When the year turned to 2020, we launched into the 250th anniversary of Ludwig van Beethoven’s birth, with concert calendars full of celebratory events all over the planet. At that time, our biggest upheaval concerned whether or not an iconic composer of LvB’s stature needed to be celebrated with such intensity, given that his music has been omnipresent in the concert halls and on record for ages.
Enter COVID-19 and we found ourselves in a completely different universe, with concert halls closed and everything cancelled for months to come. As it happened, my very last live concert before lockdown featured Beethoven’s largely forgotten almost-masterpiece, the oratorio Christus am Ölberge (1803/1804/1811), performed by the Berlin Philharmonic under Sir Simon Rattle. A near-miss of the recreation of Beethoven’s 1808 Academy Concert with Philharmonia and Esa-Pekka Salonen in London was my first musical sacrifice to COVID-19.
Still, many interesting new recordings kept coming during the lockdown months, including the complete Piano Concertos with Stephen Hough, the Finnish Radio Symphony Orchestra and Hannu Lintu on Hyperion, and the Symhonies 1-3 with Britten Sinfonia and Thomas Adès on Signum, to point out two formidable examples.
Now, some six months later, in a period of reopenings and rekindled hope, Beethoven is very much back on the agenda. Over the past couple of days, the marvellous French conductor François-Xavier Roth and his outstandingly versatile period-instrument ensemble Les Siècles have not only released an absolutely astounding recording of Beethoven’s Fifth Symphony but performed and recorded the Eroica as well.
The new Harmonia Mundi release of Symphony No. 5 in C minor, Op. 67 (1804-08) was recorded at the Philharmonie de Paris in March 2017, in conjunction with live performances. I remember missing it then, with regret, due schedule conflicts, and listening to the recorded take, my regret has grown ever more deeper, hand in hand with the profound joy of having this performance captured on disc.
While there are some who might think that the market is already more than saturated with all those recordings of the Fifth Symphony made over the period of 107 years following Arthur Nikisch’s first gramophone rendition of the score with the Berlin Philharmonic in 1913, I fondly recall my conversation with conductor Daniel Harding back in 2015, where he pointed out how no number of recordings will ever be enough with a masterpiece, recreated with each, unique performance.
Listening to the thunderous performance Roth and Les Siècles, those wise words came back to me with life-affirming force. Even with all those remarkable performance’s I’ve come across with over the years, none of them prepared me for the sheer earthquake-of-a-performance recorded here.
As always with music, excellence is not measured with simple (or complex) ranking-lists, as fun as they might be. That is not to say that I don’t make them in my head, of course I do. Rather, I’ve brought it up as a disclaimer for not picking a favourite in the course of the following brief analysis.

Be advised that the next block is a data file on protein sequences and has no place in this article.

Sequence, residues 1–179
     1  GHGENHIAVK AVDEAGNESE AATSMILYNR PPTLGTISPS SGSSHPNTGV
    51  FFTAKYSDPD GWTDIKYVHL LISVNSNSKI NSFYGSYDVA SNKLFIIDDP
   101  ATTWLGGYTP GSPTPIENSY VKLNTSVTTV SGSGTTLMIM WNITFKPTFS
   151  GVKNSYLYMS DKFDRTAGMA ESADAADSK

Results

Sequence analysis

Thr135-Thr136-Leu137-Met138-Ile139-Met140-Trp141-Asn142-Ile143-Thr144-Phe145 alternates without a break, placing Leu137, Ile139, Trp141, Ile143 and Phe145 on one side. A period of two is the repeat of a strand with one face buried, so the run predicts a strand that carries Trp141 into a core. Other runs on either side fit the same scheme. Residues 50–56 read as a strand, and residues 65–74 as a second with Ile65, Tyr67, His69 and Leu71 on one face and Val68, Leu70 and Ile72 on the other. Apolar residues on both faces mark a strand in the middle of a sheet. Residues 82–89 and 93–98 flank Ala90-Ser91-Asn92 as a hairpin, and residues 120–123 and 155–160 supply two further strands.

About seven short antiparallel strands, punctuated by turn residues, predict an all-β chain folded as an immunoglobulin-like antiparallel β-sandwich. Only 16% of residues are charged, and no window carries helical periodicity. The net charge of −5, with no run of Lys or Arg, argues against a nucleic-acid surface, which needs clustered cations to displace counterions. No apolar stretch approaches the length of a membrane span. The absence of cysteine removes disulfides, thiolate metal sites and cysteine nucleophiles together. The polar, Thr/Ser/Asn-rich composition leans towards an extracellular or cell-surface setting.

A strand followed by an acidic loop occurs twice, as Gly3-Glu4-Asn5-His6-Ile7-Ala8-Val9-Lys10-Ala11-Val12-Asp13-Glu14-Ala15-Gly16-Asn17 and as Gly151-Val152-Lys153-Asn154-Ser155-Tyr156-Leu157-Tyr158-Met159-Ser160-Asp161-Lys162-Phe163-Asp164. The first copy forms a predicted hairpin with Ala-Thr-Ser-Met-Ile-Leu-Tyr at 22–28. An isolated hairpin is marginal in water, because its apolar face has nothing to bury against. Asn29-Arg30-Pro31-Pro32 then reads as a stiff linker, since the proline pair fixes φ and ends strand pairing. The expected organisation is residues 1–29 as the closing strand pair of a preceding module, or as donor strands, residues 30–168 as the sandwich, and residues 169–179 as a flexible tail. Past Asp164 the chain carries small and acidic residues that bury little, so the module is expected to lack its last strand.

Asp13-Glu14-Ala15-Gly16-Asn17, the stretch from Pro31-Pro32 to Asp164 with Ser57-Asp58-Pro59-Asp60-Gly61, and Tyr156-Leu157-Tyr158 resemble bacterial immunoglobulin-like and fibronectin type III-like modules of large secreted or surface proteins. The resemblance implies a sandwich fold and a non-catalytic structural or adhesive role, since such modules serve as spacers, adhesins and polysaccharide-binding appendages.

For the record, let me begin by saying that there has been three defining moments for me regarding to the Fifth Symphony. I first fell in love with the piece upon hearing Herbert von Karajan’s early 1960s recording with the Berlin Philharmonic. A recording I still find commanding in its intensity and astonishing clarity.
Then came the unparalleled discovery of period practice, in the guise of Sir John Eliot Gardiner’s milestone recording with his Orchestre Révolutionnaire et Romantique from the early nineties. Under his baton the symphony was turned into this wild embodiment of our consuming human struggle and eventual epiphany. Enhanced by the novelties of period timbres, that recording seemed to venture into a forgotten realm of sound.
And the third key moment arrived last week, with Les Siècles and Roth.
A lot has happened in the Beethoven realm since the early days of Gardiner’s Beethoven, let alone of Karajan’s. Nowadays, the printed score of Beethoven’s Fifth looks quite different from those old editions, based on mid-19th century sources.
The pioneering work of Jonathan Del Mar, based on an in-depth research of Beethoven’s autograph and other first-hand sources, has presented us with a whole new insight on the symphony as Beethoven intended it, by correcting the myriad of mistakes and incongruences found in the earlier prints. Del Mar’s extraordinary edition, published by Bärenreiter in 1999 and now widely used, provides the starting point for Roth and Les Siècles as well.
In addition, following Gardiner’s lead, Roth and his team of musicians, many of them appearing in the ranks of ORR as well, dazzlingly emphasize the fascinating two-way street between Beethoven and Paris.
Beethoven’s Fifth and the French Revolution are tied together on so many ways. The struggle towards liberté, egalité, fraternité, the ideals of the Revolution, is manifested by Beethoven’s symphonic scheme, as an arch from oppression to freedom. Beethoven’s music picks up where the revolution dissolved, fulfilling the uprising within the real of music.
On more tangible level, Beethoven was inspired by the revolutionary songs, sung in the streets of Paris. Some of the texts and and actual melodies from the streets found their way into Beethoven’s score, and eventually to our collective psyche.
To complete the circle, Beethoven’s symphonies arrived in Paris in the late 1820s, with performances hitherto unparalleled in preparation and execution. These concerts profoundly shaped the course of the French music, paving the way for Hector Berlioz, whose Symphonie fantastique would thrill the city upon its 1830 premiere. And the rest is history.